Animation & staging
I have designed the new contextual kills feature that give players the possibility to kill their target using the environment under certain conditions. This is a purely cosmetic feature that does not impact gameplay at all: this was a very hard constraints while designing this feature, as kills duration and animation are very impacting for the players in Assassin's Creed Multiplayer.
I have also designed the new warm-up step in the game flow, that allows players to see the characters of their adversaries before the session starts – and taunt them. This is a good way to show players’ characters and their customization, but also to identify the opponents, their level, their ranking and the character they will play, wich is key for advanced players. Then, at the end of a session, a podium staging highlights the winners of the session, giving them the opportunity to brag and a new incentive for everyone to reach the top three.
The abstergo story
Assassin's Creed Multiplayer has a strong context and I have designed the Abstergo Story in order to tie this story to gameplay, to involve players as much as possible. To reach this goal, the story is displayed like a tree, with nodes and branches, the branches being the actual story medias (files or videos) and the nodes the conditions.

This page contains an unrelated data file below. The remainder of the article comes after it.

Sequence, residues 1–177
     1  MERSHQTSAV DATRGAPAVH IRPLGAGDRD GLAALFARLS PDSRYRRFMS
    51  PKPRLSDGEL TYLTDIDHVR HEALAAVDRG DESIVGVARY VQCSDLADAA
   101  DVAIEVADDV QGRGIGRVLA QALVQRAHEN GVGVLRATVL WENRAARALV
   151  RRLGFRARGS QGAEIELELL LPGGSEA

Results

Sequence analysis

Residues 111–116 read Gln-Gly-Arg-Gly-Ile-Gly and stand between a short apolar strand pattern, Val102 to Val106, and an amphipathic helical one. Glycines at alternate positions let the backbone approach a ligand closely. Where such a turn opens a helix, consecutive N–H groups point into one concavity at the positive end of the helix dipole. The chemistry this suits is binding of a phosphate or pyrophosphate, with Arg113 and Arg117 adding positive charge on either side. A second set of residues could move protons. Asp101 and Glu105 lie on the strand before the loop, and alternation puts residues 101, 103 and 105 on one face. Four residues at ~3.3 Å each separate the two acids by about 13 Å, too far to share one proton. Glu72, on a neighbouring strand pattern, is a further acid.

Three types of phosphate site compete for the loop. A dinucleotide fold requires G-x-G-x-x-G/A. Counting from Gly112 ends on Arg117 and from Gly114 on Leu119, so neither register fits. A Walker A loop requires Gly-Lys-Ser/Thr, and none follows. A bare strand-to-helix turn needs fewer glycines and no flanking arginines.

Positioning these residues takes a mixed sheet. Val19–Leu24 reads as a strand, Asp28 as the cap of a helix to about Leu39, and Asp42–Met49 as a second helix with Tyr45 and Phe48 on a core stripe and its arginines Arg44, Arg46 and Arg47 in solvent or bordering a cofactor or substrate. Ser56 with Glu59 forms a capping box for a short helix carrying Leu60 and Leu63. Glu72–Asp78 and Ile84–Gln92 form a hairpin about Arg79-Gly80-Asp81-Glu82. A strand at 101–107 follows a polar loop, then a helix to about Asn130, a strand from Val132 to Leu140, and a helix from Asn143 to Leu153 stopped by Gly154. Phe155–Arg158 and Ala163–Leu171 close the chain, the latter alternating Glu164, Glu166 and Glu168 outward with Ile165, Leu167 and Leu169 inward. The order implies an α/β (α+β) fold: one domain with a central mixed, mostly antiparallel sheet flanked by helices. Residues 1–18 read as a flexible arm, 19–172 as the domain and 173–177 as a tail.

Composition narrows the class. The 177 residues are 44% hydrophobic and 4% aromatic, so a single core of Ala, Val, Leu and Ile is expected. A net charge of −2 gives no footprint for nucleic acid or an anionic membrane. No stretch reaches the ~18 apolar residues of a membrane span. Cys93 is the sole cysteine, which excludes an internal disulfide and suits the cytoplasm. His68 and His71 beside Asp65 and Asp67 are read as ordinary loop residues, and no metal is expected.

These branches are unlocked linearly through leveling for main videos or depending on player’s action for side files. To strengthen the link between story and gameplay, I tried to create links between the mood of the challenge requried to unlock a file and the content of the actual file (challenges based on stealth to unlock the bio of a sneaky character for instance). The idea is also that player will first unlock files related to their way of playing, each player having a different tree at the same level.
For the first time ever, Assassin’s Creed Multiplayer featured in-game events triggered after launch. I have been in charge of designing the system, the planning and the content of these events, for all the game lifetime. To make events interesting and give players strong and different experiences, every event has a specific ambiance and gameplay mood. The ambiance is made by restricting maps and characters (e.g. playing exclusively dark characters on night maps). The gameplay mood is set by limiting the use of abilities and the selection ofmodes, leading the players to new ways of playing they may have not discovered or tried beforehand.